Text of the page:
Movies & Videos
Navigation Bar
Navigation Bar

    Related Item
‘Blame It on the Bellboy’

By John F. Kelly
Washington Post Staff Writer
March 06, 1992


Mark Herman
Dudley Moore;
Bryan Brown;
Richard Griffiths;
Andreas Katsulas;
Patsy Kensit;
Alison Steadman;
Penelope Wilton;
Bronson Pinchot
Children under 13 should be accompanied by a parent

Marketplace Online Shopping

Compare prices
for this movie

Find local video stores
WP yellowpages
More movie shopping

Save money with NextCard Visa

Sex and death and real estate: Wrap them all together and what do you get? A particularly messy divorce or "Blame It on the Bellboy," a wonderful melange of mistaken identities and triple entendres.

Bronson Pinchot is the bellboy in question, a bumbling baggage carrier at a Venice hotel who misdirects envelopes addressed to three guests. The three men have similar names -- Orton, Horton and Lawton -- but dissimilar missions. One is looking to buy real estate, another to have a dirty weekend and the third to knock off a mobster.

The three dutifully trudge off at criss-cross purposes. Dudley Moore, dispatched by his overbearing boss to inspect and purchase a villa, walks straight to the mafia don's house, eager to plop down cash for it. Richard Griffiths can't believe his luck when his "Medi-Date" turns out to be slinky real estate agent Patsy Kensit. And hitman Bryan Brown trains his crosshairs on the mousey, Mickey Spillane-reading, lonely-heart Penelope Wilton (who, truth be told, would probably be better off getting shot than ending up in the sack with the grossly rotund Griffiths).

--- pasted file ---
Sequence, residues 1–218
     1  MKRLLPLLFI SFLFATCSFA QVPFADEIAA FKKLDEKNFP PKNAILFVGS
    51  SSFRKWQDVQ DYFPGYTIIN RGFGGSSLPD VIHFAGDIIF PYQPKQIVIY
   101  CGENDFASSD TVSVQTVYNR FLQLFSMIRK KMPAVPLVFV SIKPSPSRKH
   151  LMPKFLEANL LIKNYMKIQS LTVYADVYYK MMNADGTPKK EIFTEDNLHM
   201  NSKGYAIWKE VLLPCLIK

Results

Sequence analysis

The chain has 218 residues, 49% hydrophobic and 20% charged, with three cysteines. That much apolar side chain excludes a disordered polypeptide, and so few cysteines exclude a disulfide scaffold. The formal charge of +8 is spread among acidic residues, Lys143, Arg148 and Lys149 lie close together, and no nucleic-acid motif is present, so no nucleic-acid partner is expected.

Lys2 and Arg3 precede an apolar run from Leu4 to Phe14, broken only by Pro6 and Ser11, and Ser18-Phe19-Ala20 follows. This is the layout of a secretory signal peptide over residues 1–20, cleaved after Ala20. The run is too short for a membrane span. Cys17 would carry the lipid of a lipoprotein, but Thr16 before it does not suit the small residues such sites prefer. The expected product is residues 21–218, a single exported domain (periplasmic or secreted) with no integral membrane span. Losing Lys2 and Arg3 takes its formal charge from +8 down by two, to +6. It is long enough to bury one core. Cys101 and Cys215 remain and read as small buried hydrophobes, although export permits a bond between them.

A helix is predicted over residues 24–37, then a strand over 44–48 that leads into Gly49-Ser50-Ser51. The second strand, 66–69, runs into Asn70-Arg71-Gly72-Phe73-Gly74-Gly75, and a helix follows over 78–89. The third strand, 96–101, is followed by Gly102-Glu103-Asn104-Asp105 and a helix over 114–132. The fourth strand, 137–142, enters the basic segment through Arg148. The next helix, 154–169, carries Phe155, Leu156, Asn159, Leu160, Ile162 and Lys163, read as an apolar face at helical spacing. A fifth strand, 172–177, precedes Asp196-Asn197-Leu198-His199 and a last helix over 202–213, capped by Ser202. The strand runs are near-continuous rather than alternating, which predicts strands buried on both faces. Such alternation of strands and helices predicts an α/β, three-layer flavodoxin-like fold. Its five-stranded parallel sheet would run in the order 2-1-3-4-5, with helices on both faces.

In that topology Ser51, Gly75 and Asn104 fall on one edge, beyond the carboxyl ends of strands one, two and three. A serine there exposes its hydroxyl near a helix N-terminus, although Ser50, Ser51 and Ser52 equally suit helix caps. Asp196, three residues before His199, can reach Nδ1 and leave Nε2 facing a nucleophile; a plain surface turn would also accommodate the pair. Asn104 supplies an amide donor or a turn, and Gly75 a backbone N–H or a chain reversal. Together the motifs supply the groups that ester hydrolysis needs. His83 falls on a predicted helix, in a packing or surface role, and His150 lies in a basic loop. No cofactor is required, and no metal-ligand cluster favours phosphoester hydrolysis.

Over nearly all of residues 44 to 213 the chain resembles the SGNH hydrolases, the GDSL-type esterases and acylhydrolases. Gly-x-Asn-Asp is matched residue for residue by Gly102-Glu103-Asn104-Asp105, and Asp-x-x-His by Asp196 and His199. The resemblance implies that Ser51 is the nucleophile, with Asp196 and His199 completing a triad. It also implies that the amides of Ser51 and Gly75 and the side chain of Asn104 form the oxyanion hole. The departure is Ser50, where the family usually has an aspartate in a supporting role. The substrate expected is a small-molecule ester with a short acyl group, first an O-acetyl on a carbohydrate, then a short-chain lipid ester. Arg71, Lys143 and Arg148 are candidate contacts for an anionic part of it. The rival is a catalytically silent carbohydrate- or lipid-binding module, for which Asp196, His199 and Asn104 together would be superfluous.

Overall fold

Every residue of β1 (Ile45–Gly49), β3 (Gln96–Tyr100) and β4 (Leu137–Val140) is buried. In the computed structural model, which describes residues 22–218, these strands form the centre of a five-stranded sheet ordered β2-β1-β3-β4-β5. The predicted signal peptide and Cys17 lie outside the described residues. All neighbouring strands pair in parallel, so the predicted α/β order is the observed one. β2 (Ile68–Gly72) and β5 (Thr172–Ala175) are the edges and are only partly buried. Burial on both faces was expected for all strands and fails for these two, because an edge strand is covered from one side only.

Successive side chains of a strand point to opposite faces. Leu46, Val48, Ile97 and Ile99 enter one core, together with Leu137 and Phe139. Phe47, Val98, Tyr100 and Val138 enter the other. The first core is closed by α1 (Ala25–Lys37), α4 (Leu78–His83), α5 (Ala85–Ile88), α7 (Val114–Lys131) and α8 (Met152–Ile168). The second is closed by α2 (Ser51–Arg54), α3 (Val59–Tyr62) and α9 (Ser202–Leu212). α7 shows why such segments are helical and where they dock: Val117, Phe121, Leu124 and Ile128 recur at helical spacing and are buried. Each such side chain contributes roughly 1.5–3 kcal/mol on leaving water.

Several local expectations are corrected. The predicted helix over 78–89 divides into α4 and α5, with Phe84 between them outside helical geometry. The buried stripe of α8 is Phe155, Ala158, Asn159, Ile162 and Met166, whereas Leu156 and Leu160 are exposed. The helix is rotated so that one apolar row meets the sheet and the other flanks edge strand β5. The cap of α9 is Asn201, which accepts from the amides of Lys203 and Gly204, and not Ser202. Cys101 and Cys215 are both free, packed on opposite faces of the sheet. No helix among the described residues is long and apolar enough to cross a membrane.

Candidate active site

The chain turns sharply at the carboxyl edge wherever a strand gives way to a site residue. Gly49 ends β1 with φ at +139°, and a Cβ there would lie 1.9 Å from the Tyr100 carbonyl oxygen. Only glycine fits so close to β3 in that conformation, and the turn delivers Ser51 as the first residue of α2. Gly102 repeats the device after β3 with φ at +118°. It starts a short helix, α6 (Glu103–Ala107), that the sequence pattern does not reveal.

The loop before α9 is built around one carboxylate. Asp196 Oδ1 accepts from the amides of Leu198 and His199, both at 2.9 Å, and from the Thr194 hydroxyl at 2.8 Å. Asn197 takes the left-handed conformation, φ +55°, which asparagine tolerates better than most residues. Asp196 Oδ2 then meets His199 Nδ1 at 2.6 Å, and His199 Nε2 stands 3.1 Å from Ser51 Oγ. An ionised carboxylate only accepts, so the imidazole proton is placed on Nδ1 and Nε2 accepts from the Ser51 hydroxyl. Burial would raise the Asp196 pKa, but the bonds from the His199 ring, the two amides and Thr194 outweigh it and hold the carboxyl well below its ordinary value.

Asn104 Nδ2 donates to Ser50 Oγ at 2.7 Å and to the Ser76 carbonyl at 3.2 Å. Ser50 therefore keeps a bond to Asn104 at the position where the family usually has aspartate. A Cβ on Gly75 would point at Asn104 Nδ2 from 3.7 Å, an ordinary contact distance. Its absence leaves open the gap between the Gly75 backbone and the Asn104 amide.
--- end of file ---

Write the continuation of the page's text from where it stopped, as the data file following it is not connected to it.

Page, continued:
Writer/director Mark Herman does a nice job of setting up the misadventure and then sitting back and letting it play itself out. He cuts quickly among the three as Orton/Horton/Lawton dig themselves into deeper and deeper holes. You're sure it has to work out somehow but until the end you're not exactly sure just what that how is going to be.

As in "Beverly Hills Cop" and TV's "Perfect Strangers," bellhop Pinchot doesn't really do any identifiable accent. It certainly isn't Italian, but then it doesn't have to be. He's basically a plot cog, a device for setting the madcap machinations in motion. The whingeing Moore starts out only barely heveled and gets progressively disheveled as the movie goes on. He seems incapable of finding a pair of pants short enough for him so he shuffles his way through the alleys of Venice, dragging his cuffs behind him, the mafia on his trail.

The red-faced Griffiths (the kidnapped energy expert in "The Naked Gun 2 1/2: The Smell of Fear") has the most fun, getting to misinterpret that great British come-on line "Would you like to come upstairs" and using such Anglo sex euphemisms as "a bit of rumpy pumpy" and "slap and tickle," which given his bulk might better be called "slap and squish."

One of "Bellboy's" producers was also behind "A Fish Called Wanda." This film doesn't have "Wanda's" wickedly subversive humor. It's a little gentler, closer to "What's Up, Doc?," but without Barbra Streisand and Ryan O'Neal screaming at each other.

And Venice? Well, Venice looks lovely. It seems to wear a bemused look as these idiotic Englishmen stumble about its picturesque streets and canals.

© Copyright 1999 The Washington Post Company

Back to the top

Navigation Bar
Navigation Bar